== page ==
Tuvalu issued a set of stamps on 23 April 2014 on the subject of root vegetables. The issue consists of 2 sheetlets each of 4 different stamps and 2 miniature sheets each of 2 different stamps. They are very well designed with pleasing illustrations of the vegetables and each sheetlet has a recipe for a different dish in the margin of the sheet. I have not seen the name of the designer of this issue but it looks to me to have all the originality of approach to an otherwise rather mundane subject that we have previously seen in the work of Siobhan McDevitt (see Blog 388).
But.....while the designs are excellent, why don't they show vegetables that are grown in Tuvalu? The depicted vegetables and featured menus are all relevant to what is served from western kitchens not what is available to the average Tuvaluan. Apparently there is quite a lot of effort being put into growing more vegetables in Tuvalu but from what I can glean from my reading, many of the depicted vegetables just can't be grown there. The major vegetable crops grown there are taro (for leaves) and bele with some other tropical and temperate species being cultured there to a limited extent (tomato, eggplant, chilli, potato, capsicum, cucumber, squash, cabbages, melons, lettuces and beans).Vegetable production is limited because most varieties grown there are not well adapted to tropical temperatures and are very sensitive to bacterial and viral diseases as well as local pests.
It's very disappointing that such a well illustrated set has very little local relevance and tells the stamp collector very little about Tuvalu.
It would also have been pleasing to have local recipes printed on the sheets rather than those that appear there. In 1989 a miniature sheet was released by Seychelles for Zil Elwannyen Sesel on the subject of Seychellois cuisine and local recipes were featured in the margins of the sheet which made it a very interesting issue. If only the agency which produces these issues could put some effort into injecting some local relevance into them as happened with the ZES issue then it would be much more worthwhile to obtain such stamps:-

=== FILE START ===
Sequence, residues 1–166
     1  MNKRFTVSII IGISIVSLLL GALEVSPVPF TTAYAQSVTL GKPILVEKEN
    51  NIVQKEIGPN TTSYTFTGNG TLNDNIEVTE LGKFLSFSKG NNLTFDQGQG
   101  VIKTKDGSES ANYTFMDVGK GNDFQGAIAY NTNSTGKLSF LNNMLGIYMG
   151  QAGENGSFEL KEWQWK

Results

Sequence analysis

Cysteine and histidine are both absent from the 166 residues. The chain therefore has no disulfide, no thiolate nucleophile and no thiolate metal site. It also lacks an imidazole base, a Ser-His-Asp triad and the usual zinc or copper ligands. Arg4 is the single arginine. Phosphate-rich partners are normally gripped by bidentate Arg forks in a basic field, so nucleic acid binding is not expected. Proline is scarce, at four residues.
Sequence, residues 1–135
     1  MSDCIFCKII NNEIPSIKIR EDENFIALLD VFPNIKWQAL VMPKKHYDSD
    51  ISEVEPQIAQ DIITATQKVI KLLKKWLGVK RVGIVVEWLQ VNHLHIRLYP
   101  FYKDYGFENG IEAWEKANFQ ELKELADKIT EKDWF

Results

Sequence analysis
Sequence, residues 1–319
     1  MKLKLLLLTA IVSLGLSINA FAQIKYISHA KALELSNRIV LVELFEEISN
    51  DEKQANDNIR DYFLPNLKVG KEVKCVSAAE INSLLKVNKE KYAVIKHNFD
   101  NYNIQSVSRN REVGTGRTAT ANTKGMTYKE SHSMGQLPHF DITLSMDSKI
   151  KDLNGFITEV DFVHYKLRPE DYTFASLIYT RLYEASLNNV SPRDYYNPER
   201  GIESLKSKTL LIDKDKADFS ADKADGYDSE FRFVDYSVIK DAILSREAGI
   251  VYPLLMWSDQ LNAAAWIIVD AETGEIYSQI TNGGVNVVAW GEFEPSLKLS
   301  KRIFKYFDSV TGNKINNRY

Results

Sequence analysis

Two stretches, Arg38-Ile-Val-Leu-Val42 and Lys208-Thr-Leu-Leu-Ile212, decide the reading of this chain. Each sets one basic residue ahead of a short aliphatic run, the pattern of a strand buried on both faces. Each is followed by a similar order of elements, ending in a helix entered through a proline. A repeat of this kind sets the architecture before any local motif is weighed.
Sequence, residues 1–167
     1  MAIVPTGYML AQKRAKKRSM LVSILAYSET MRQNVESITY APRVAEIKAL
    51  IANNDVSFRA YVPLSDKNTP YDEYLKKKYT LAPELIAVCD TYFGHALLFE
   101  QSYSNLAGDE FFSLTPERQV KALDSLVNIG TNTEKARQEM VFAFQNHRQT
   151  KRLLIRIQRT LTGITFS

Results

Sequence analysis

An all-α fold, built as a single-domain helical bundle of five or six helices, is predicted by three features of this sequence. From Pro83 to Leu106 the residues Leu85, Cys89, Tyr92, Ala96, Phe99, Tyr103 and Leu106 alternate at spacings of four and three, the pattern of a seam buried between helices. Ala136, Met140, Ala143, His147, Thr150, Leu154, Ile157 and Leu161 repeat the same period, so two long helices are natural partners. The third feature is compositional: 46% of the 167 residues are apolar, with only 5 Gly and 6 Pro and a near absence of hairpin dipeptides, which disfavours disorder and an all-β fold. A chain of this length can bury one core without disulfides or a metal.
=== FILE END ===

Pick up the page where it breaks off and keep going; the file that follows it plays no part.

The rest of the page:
The vegetable crop continues with a sheetlet of 4 different stamps and 1 miniature sheet which contains 2 different stamps which have been issued by a Montserrat:-
There is also a sheetlet of 4 stamps and 1 miniature sheet which has been issued by Montserrat to commemorate the 450th anniversary of the birth of Galileo Galilei, the Italian astronomer. I do not yet know the dates of issue of these 2 Montserrat sets:-
Turning our attention to real stamps which are likely to actually be used on ordinary mail, Ireland issued a set of 2 stamps on the subject of the country's Viking heritage on 24 April 2014. This issue coincides with the millennial anniversary of the Battle of Clontarf (see Blog 373) and was designed by Ger Garland and lithographed by Irish Stamp Security Printers:-
On 26 April 2014 Malaysia issued a special cover to commemorate the visit of the US president, Barack Obama, to Malaysia :-
On 25 November 2013, another 15 sheetlets, each containing 4 different "stamps", with 15 accompanying miniature sheets were "issued" by Stamperija in the name of Mozambique thus ensuring that Mozambique beats Solomon Islands in the race to have released the most stamps produced by or for a Commonwealth country during 2013 (see Blog 398). The subjects of this new outpouring are:- Albert Schweitzer, The Taj Mahal, Airports, American impressionists, Big cats, Coral and fishes, Dogs, Eagles, Endangered species, Extinct species, Frank Sinatra, Garry Kasparov, Global warming, Gorillas and Tennis. Thus, Mozambique's stamp total for 2013 is now 598 stamps and 136 miniature sheets giving a grand total of 734 philatelic items.